Why you wish to be again in workplace in some unspecified time in the future: Behavioral knowledgeable
A recent surge in Covid-19 cases due to the Delta variant is rekindling the return to work debate across the country. With Apple and Alphabet postponing their return plans to October, companies and employees are re-evaluating whether to return to the office.
Persistent safety and health concerns, even before the rise in new Covid cases, suggest it will be some time before employees are comfortable returning to an office. But at some point, says Dan Ariely, a professor of behavioral economics and psychology at Duke University, if that’s certain, workers will want to be back in the office more than they think.
“When people are stressed, anxious, and concerned, this is generally not the time to expect people to think and understand their own motives as best they can,” said Ariely.
After a year of uncertainty, the human behavior expert says this may not be the best time for workers to make final decisions about how to return to the office, but eventually when the time is right to make decisions about how to return Hitting the workplace can surprise yourself.
Work personally again on a trial basis
Although plans have been pushed back, many companies like Apple and Google are developing hybrid work models that require employees to return to a shortened work week instead of a full five-day week, although the flexibility of each company’s hybrid model varies.
Whatever the model, Ariely recommends companies offer a trial period to return to the office first, rather than forcing employees to follow a permanent return plan. He says companies should offer their employees shortened working weeks for a certain period of time, after which time employees can choose to work more days per week.
Ariely believes this will lead more workers to choose personal work.
“Going back is just a difficult step,” said Ariely. “But if we get people to do it for even a month or two, I think people will be very different by the end of that time.”
People enter Goldman Sachs headquarters in New York, United States on Monday, June 14, 2021.
Michael Nagel | Bloomberg | Getty Images
Many people are scared of going back to work while others have just become familiar with working remotely, and Ariely says people need to try new things before making permanent decisions. He compared a rehabilitation rehabilitation plan to buying a new mattress.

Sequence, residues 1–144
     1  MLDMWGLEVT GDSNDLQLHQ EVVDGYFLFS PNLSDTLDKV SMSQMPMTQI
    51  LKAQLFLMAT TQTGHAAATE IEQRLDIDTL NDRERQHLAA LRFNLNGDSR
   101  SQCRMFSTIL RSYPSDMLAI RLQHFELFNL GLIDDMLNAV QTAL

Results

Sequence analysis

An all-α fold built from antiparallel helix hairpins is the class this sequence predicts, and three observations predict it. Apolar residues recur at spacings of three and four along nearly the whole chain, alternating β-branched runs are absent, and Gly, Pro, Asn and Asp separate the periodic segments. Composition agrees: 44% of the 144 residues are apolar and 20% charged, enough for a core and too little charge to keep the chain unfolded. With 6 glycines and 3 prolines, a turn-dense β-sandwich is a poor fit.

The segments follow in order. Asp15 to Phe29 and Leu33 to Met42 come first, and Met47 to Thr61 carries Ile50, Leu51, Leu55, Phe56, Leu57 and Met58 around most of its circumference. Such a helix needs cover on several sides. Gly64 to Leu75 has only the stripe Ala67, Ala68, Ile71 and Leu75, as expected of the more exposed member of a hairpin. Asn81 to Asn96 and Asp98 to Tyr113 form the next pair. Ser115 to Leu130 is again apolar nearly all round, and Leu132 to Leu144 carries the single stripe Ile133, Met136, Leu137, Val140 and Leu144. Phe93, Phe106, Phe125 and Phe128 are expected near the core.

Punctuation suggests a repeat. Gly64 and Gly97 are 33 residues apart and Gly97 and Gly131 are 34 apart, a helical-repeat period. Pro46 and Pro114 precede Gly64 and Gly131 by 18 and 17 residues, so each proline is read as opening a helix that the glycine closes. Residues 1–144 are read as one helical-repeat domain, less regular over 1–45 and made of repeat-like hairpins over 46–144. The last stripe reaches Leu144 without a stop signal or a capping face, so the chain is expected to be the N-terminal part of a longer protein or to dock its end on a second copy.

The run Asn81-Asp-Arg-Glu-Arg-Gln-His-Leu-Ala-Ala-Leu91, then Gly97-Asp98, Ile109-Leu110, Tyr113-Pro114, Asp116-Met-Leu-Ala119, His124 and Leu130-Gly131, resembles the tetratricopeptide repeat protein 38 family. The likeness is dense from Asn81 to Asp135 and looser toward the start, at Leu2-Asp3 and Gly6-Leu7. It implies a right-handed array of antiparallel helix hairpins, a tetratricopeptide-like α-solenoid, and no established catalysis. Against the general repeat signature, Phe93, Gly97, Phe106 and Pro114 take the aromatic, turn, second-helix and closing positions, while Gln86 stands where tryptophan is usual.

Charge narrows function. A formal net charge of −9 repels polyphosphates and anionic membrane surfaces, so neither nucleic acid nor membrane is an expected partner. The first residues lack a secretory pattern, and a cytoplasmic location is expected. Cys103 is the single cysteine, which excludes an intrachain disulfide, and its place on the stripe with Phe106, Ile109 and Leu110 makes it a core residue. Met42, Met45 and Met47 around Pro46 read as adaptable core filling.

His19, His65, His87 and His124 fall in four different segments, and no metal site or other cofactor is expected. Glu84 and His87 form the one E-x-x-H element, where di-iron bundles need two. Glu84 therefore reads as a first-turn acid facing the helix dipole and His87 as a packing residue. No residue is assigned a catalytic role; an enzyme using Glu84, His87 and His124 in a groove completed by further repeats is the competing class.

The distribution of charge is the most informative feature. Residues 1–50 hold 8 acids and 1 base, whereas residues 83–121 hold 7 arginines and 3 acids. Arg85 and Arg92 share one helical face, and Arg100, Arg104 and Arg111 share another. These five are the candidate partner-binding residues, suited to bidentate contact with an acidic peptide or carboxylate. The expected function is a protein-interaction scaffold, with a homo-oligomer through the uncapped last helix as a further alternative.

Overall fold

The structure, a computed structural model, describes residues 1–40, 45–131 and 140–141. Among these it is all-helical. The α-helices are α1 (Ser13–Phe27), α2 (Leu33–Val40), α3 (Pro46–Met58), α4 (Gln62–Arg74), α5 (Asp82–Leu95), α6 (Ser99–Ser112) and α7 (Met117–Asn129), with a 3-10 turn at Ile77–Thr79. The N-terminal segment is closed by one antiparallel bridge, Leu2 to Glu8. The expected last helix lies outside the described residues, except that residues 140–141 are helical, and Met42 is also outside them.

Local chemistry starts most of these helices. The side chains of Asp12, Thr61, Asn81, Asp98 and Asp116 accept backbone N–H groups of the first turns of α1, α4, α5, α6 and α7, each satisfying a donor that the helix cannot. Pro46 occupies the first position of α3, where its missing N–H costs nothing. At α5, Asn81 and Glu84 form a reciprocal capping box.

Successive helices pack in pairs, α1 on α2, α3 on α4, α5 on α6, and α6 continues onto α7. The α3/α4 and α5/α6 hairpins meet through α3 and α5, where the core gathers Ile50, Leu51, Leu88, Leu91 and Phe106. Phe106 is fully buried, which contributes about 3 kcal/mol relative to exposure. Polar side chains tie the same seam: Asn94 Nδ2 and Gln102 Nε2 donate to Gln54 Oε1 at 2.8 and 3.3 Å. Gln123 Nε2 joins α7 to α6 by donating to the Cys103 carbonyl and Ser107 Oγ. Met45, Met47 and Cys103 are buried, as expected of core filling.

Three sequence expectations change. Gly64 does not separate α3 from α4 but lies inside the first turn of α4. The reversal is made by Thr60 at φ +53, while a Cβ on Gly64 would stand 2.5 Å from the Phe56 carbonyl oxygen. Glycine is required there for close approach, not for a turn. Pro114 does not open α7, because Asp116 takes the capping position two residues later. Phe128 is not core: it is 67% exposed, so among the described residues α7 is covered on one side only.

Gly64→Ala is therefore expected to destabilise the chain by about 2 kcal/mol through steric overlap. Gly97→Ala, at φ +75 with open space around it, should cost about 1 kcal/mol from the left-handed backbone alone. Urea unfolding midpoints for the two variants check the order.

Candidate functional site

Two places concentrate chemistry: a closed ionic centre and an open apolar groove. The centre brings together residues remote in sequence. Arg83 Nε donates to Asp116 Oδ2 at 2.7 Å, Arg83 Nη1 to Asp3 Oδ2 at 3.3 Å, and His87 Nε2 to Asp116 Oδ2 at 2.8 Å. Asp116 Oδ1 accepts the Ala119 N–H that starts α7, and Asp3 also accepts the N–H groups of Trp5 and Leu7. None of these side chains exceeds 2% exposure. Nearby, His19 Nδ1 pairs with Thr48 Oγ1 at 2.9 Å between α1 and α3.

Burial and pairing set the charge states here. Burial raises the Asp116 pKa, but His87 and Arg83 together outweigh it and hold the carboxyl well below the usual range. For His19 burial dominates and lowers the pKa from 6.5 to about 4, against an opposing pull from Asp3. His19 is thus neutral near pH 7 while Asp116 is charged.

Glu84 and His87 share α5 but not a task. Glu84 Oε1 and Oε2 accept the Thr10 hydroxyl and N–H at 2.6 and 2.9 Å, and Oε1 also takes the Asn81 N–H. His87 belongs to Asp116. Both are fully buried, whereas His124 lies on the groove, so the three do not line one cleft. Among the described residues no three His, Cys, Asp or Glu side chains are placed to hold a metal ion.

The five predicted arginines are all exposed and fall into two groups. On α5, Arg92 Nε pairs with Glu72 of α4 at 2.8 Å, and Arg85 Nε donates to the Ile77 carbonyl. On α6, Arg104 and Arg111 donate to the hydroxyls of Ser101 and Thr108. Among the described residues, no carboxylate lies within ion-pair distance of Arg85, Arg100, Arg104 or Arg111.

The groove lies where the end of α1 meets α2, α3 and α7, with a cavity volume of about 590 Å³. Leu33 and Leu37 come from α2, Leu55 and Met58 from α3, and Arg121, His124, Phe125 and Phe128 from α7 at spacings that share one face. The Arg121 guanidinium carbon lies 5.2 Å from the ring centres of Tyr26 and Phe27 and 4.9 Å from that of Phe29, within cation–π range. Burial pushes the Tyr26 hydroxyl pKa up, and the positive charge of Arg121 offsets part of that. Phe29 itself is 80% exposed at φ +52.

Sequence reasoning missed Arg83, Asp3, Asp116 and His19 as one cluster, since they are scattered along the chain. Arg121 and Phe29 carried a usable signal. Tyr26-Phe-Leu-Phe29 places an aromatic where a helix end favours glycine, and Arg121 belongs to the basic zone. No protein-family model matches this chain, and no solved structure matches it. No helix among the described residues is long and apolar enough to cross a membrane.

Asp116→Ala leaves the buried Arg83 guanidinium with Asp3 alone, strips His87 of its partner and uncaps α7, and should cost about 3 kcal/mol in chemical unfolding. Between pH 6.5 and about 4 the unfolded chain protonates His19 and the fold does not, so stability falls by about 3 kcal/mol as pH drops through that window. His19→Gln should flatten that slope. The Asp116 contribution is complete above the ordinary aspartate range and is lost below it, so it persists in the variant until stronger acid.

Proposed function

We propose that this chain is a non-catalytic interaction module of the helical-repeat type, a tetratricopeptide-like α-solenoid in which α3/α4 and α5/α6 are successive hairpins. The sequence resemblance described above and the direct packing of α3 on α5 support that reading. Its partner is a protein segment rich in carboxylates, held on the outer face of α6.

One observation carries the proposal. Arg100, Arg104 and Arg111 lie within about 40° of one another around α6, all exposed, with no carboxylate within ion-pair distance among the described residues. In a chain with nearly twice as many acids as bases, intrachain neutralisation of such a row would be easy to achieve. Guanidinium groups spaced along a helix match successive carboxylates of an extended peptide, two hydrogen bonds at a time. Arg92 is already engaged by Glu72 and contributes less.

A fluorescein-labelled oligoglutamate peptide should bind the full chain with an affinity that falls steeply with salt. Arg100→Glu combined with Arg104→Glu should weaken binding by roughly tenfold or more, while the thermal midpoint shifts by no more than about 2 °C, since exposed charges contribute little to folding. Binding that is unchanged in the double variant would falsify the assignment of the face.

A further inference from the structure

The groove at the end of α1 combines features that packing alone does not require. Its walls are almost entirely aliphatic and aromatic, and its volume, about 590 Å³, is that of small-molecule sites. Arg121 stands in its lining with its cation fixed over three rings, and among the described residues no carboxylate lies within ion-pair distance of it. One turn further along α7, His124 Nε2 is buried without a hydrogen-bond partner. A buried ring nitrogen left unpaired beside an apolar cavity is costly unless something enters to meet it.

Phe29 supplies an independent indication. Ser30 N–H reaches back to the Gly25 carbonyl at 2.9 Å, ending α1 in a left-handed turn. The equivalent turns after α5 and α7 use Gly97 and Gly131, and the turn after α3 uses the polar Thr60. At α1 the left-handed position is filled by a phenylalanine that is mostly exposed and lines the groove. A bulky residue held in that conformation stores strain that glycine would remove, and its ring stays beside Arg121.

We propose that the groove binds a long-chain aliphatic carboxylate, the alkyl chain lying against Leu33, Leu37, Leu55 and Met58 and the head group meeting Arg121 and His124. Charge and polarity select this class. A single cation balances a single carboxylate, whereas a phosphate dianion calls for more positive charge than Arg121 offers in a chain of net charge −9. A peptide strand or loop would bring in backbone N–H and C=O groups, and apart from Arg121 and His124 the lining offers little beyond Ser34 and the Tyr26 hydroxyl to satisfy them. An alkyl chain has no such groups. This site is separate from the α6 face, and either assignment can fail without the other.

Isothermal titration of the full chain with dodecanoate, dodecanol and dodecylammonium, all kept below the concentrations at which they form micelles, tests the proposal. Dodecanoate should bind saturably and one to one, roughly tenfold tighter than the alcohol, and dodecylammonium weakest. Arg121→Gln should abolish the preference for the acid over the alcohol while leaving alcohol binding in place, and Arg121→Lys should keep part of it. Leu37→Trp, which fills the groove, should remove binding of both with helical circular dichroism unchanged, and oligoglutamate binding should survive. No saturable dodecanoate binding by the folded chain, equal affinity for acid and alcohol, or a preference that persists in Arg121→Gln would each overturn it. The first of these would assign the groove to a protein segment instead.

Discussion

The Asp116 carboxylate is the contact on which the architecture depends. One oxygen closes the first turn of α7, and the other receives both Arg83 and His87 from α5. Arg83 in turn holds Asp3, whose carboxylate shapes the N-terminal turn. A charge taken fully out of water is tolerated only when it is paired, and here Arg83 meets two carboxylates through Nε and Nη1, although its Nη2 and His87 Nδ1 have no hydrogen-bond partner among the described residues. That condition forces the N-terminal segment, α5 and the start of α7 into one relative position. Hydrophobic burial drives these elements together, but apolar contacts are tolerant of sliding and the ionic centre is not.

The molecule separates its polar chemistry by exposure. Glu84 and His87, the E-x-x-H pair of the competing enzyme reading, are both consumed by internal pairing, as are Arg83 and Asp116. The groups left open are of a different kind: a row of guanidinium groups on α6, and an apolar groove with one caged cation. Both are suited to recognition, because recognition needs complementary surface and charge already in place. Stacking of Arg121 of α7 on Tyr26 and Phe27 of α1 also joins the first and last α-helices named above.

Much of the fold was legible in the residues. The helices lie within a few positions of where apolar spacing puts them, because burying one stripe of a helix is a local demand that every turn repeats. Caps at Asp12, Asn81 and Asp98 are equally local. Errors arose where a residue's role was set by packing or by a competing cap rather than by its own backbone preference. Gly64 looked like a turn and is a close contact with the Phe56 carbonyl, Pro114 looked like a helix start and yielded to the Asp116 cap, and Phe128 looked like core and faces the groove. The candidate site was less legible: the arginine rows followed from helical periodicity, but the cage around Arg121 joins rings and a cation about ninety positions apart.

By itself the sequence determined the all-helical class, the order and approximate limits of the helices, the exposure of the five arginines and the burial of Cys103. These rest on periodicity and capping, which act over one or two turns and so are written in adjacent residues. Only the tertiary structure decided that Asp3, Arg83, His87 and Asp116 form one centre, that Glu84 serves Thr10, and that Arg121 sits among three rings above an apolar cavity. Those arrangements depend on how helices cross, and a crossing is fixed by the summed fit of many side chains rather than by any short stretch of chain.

“When you go to a mattress store, you can imagine what the mattress feels like and lie on it for five minutes,” said Ariely. “But to really experience it, you have to use the mattress for a month to understand what it is like.”
Don’t underestimate the social interaction
While remote working is beneficial for many workers, lowering childcare costs and increasing the opportunities available, in-person work can be helpful for face-to-face interaction and collaboration across the company, which can be hampered in a virtual world, a point which many CEOs highlighted in their statement on why they want workers to return.
“People don’t understand how much they miss other people,” said Ariely. “I think we forget the joys we get from other people.”
In times of lockdown, quarantine, and separation, people have got used to isolation and, in many cases, have forgotten the value of social interaction. Behavioral research, including a strange finding about humans that Ariely quoted, shows how social we are as animals: humans subconsciously smell their hands after shaking hands with another person.
This simple involuntary action reveals the depth and complexity of social interaction, Ariely said. People also appreciate looking someone in the eyes, seeing their smile, hearing their words, and smelling their scent as a means of interaction, he said.
“We’re social animals and now that has been taken from us and we’ve kind of forgotten what it is,” said Ariely. “But I think when people go back to work we will remember that.”
Take control where you can
As experts continue to debate why people don’t return to work, Ariely recommends companies come up with clear return to work options and employees need to regain control where they can.
“We live in an environment where many of our freedoms have been taken away,” said Ariely. “There are things that we suddenly can’t do. We don’t have the same control over our lives.”
When control is lost, Ariely says, mental wellbeing can be taken away. When Ariely was a burn patient in the hospital years ago, he said he had a button he could press six times a day to get pain medication, and that control was important to his well-being.
Similarly, employees should regain control in ways that they can. In small steps, people can gain control by exercising, creating a new routine, or opening a savings account, says Ariely.
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